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Loose Permanent Tooth: Will It Ever Get Better?

A loose permanent tooth is an advanced sign of disease. The reasons behind a loose permanent tooth may vary. In adults, the most common cause for loose teeth is secondary trauma from periodontal (gum) disease. In this, the bacterial plaque built up on teeth from poor oral hygiene causes a chronic infection. It eventually weakens gum attachment to the teeth.

There are many reasons for a loose permanent tooth. These include injury, grinding, biting on things that are too hard or gum disease. It is a fact that not all loose permanent teeth require a visit to the dentist, but there are a few instances in which you will need to seek help. Here the good news is that a loose tooth does not mean losing your tooth. In fact, in many cases, your dentist can save a loose tooth. But it is unlikely to get better on its own. Therefore, if you have a loose permanent tooth, try to make an appointment with your dentist as soon as possible.

What makes a tooth become loose?

There are tiny bands around the root of the tooth that are called periodontal ligaments. When these periodontal ligaments stretch, a tooth becomes loose. This is a fact that your gums can heal up to a certain point, but the amount of help they need to do this totally depends on the situation. There are many causes of loose permanent teeth, for example, periodontal disease, tooth decay or abscess and impact or trauma (this could involve a sports injury, an accident or even biting something hard). Moreover, if you are in the habit of grinding or clenching your teeth during the day or at night, it can also cause teeth to become loose.

Loose Tooth as a result of Periodontal Disease

Losing permanent tooth is also caused by periodontal disease. In this case, bacteria accumulate that leads to an infection that can damage the roots of a tooth. The treatment for such disease can help make the tooth feel less loose. Moreover, a thorough cleaning of plaque using ultrasonic or hand tools can also remove plaque beneath the gum line and help create a more solid base for your tooth. In case of infection due to periodontal disease or an abscess, a course of oral antibiotics may also be required. If you lose your permanent tooth, you need to see your dentist as soon as possible for x-rays as well as other tests.

Should I be worried?

For an adult, a loose permanent tooth is a cause for concern. This problem usually occurs when a tooth loses support and slowly detaches from the gums and bones. As a result, the slightest touch may cause the tooth to move. Moreover, eating or chewing can also cause further loosening. Just keep in mind that if you develop a loose tooth later in life, you may experience other symptoms as well. These include:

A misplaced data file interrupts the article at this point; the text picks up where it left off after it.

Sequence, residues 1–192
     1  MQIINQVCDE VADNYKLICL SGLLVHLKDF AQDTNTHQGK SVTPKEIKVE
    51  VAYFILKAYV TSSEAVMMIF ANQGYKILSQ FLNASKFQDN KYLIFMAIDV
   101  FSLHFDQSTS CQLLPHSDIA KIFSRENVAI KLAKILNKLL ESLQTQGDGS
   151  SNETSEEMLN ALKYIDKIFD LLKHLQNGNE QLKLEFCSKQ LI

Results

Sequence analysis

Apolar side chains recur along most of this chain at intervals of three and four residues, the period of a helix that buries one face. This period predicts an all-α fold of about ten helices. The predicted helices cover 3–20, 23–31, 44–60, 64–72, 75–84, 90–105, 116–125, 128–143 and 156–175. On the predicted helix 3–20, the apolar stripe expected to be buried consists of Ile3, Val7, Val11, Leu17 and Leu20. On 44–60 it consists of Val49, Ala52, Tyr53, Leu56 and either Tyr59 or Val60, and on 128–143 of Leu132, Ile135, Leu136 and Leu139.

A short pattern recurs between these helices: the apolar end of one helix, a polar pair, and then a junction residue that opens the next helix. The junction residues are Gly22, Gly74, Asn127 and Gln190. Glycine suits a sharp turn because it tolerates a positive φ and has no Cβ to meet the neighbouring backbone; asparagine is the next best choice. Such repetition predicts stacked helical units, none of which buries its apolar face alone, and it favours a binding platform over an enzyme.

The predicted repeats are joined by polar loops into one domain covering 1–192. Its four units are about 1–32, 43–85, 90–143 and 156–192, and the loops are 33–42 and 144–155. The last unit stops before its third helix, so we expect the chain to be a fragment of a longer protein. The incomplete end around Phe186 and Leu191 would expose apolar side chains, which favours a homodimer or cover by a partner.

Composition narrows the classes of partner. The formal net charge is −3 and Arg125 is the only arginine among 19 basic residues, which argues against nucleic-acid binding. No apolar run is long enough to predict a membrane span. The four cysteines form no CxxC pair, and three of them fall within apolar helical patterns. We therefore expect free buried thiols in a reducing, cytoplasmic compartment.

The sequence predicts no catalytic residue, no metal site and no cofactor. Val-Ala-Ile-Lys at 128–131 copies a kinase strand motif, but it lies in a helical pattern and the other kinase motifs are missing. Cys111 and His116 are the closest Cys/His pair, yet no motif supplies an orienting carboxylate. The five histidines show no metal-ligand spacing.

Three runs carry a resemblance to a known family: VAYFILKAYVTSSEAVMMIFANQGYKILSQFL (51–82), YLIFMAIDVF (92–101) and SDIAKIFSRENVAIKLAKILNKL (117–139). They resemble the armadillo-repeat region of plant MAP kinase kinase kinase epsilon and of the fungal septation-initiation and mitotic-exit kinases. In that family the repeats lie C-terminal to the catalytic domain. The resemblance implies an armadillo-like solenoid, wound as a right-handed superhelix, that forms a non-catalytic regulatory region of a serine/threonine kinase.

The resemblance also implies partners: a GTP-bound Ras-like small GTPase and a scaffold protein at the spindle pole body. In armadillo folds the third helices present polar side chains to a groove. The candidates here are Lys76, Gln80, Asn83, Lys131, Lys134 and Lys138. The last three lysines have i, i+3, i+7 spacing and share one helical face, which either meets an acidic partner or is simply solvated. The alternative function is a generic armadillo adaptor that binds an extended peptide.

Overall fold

• Bleeding gums
  • Swollen gums
  • Red gums
  • Gum recession

All these symptoms can indicate an underlying disease, therefore, it is really very important to talk to your doctor about a loose tooth. Always remember that understanding the cause can help your doctor determine the appropriate treatment.

What happens if the tooth cannot be saved?

There are some cases in which your dentist may not be able to save your loose tooth. This occurs particularly where gum disease is involved. In this case, your dentist may need to extract the tooth and replace it with an implant or a bridge. But thanks to the new technology and expertise. Now your dentist can definitely save your loose permanent tooth.

If you are hoping that your tooth will heal on its own, then it is probably not an effective strategy for dealing with a loose permanent tooth. Just try to play it safe and make an appointment with your dentist as soon as you feel that something is wrong because in most cases, the earlier you see your dentist, the better chance he has of saving your tooth. Before visiting the dentist, try to eat soft foods and use a soft-bristled toothbrush. Moreover, you need to rinse with salt water as it can also help keep the area clean.

Treatments for a loose permanent tooth in adults

Once your dentist identifies the cause of a loose tooth, the treatment begins. If you are facing the problem of gum disease, you will need a special dental cleaning procedure for the purpose of removing hardened plaque that has accumulated underneath your teeth and gums. This is often known as scaling which means removing tartar and bacteria and smoothening the root surface that helps the gums reattach to the tooth. Moreover, your dentist may also suggest you the antibiotics to help kill any infection. You can also be a candidate for surgery depending on the severity of gum disease.

These include:

Flap surgery
Flap surgery involves making incisions in your gums and pulling back the gum tissue to perform a scaling procedure that prevents tooth loss.

Bone grafting
To help support your teeth, bone grafting can be done in which your dentist can take fragments of bone from another area of your body or use a special bone grafting material to repair diseased bone in your mouth.

Splinting
Splinting can be done to save the tooth if a loose tooth has not detached from the gums.

Bite adjustment
The bite adjustment procedure reshapes the bite surface of the tooth and removes small amounts of tooth enamel. Bite adjustment is a good option for a loose tooth that is caused by grinding.

Mouthguard
Wearing a night guard while sleeping is another option for grinding that creates a protective barrier between the upper and lower teeth.

To sum up:
Having a loose permanent tooth as an adult can be unnerving. Therefore, it is important to know when to see your dentist for help. Do not wait, losing a permanent tooth is preventable if you take the right steps now!

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